Using Synchrotron Radiation Based Techniques for the Detailed Chemical-Geometric Characterization of Archeological Pottery and Ceramics
2017 PTT Grant, Louisiana State University and A&M College, $39,993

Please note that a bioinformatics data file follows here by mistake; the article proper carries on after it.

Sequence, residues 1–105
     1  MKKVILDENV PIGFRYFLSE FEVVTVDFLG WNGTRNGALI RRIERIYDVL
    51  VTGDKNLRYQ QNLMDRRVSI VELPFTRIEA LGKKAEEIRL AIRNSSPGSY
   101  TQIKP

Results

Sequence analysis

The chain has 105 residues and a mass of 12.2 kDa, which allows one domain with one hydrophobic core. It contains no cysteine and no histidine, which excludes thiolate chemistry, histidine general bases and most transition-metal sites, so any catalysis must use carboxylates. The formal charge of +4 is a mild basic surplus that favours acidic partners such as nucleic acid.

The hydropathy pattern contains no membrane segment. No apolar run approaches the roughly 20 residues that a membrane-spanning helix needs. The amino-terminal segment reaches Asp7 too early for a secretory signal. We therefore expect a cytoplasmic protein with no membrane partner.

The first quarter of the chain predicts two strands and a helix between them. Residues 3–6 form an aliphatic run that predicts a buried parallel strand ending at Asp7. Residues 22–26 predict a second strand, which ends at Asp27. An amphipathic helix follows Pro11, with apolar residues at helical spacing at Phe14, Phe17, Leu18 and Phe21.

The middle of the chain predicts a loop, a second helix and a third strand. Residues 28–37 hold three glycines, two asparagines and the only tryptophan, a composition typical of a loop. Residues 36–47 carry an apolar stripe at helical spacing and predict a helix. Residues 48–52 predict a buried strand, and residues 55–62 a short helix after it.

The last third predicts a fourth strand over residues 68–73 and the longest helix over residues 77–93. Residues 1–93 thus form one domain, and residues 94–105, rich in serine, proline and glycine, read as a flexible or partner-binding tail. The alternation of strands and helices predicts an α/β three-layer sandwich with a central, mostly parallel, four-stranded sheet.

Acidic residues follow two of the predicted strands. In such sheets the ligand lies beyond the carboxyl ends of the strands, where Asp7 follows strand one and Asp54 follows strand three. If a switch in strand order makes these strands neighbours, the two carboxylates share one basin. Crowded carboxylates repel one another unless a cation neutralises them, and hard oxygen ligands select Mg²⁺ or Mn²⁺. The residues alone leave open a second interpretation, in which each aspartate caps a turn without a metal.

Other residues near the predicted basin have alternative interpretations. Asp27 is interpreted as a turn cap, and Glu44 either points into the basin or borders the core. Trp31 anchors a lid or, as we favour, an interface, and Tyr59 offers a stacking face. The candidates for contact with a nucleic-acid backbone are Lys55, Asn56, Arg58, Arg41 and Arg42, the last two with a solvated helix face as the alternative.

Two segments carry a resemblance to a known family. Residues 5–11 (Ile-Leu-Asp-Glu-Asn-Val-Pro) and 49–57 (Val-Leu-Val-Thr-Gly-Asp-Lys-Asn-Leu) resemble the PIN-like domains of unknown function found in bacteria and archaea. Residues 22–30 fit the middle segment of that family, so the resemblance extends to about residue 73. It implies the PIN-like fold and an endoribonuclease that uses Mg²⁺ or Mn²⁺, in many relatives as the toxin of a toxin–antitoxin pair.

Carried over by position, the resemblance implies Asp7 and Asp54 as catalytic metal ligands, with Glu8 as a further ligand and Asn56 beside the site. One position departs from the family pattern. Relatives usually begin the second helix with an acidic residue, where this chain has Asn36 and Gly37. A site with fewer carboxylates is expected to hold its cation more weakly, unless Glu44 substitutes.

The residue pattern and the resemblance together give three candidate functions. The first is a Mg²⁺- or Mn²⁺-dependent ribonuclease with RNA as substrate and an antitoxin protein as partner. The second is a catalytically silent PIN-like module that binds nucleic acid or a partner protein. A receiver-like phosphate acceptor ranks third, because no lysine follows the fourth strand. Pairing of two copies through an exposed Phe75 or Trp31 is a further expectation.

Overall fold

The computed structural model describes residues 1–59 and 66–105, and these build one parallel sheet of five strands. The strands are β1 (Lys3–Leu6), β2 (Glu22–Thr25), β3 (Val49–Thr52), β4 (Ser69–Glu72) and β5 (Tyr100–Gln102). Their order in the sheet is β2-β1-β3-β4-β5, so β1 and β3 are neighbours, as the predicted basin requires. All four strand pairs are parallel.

In this project two synchrotron radiation based techniques will be applied to the detailed characterization of archaeological samples: X-ray fluorescence (SR-XRF) and X-ray absorption spectroscopy (XAS) specifically X-ray absorption near edge structure (XANES) spectroscopy. Both techniques are non-destructive and thus suitable also for the investigation of valuable artifacts. SR-XRF provides (semi-quantitative) information about the elemental composition of a sample down to the ppb – level. XANES allows the detailed chemical/ geometric characterization of chosen elements from the sample on an atomic level. The combined results from both techniques not only provide information about the elemental composition but also detailed information about the speciation of elements of interest. This information will be helpful for determining the origin of the material used for fabricating the samples, the techniques used for the fabrication process and also for determining the best techniques for preservation and conservation of samples. As typical archaeological samples with a partly non-crystalline structure, pottery and ceramic samples have been chosen for this project. Poverty Point Objects (PPOs) known also as Baked-Clay Objects (BCOs) from the Poverty Point World Heritage Site will be at the core of the investigation but suitable ceramic and pottery samples from other sites will also be included. Experiments will be carried out at the Louisiana State University (LSU) Center for Advanced Microstructure and Devices (CAMD) 1.5 GeV electron storage ring where beamlines for the planned experiments exist. As part of the dissemination process a hands-on workshop is planned for a small group of interested archaeologists.